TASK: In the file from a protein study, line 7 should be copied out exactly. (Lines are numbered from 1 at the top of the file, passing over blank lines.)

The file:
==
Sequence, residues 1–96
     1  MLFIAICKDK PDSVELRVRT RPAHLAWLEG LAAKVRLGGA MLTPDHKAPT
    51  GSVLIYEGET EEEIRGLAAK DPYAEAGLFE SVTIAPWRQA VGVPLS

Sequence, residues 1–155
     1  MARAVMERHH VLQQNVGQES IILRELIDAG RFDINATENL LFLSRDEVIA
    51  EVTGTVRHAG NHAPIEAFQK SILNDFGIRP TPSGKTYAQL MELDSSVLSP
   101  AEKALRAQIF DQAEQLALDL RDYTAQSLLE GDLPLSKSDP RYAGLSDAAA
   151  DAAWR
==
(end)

   101  AEKALRAQIF DQAEQLALDL RDYTAQSLLE GDLPLSKSDP RYAGLSDAAA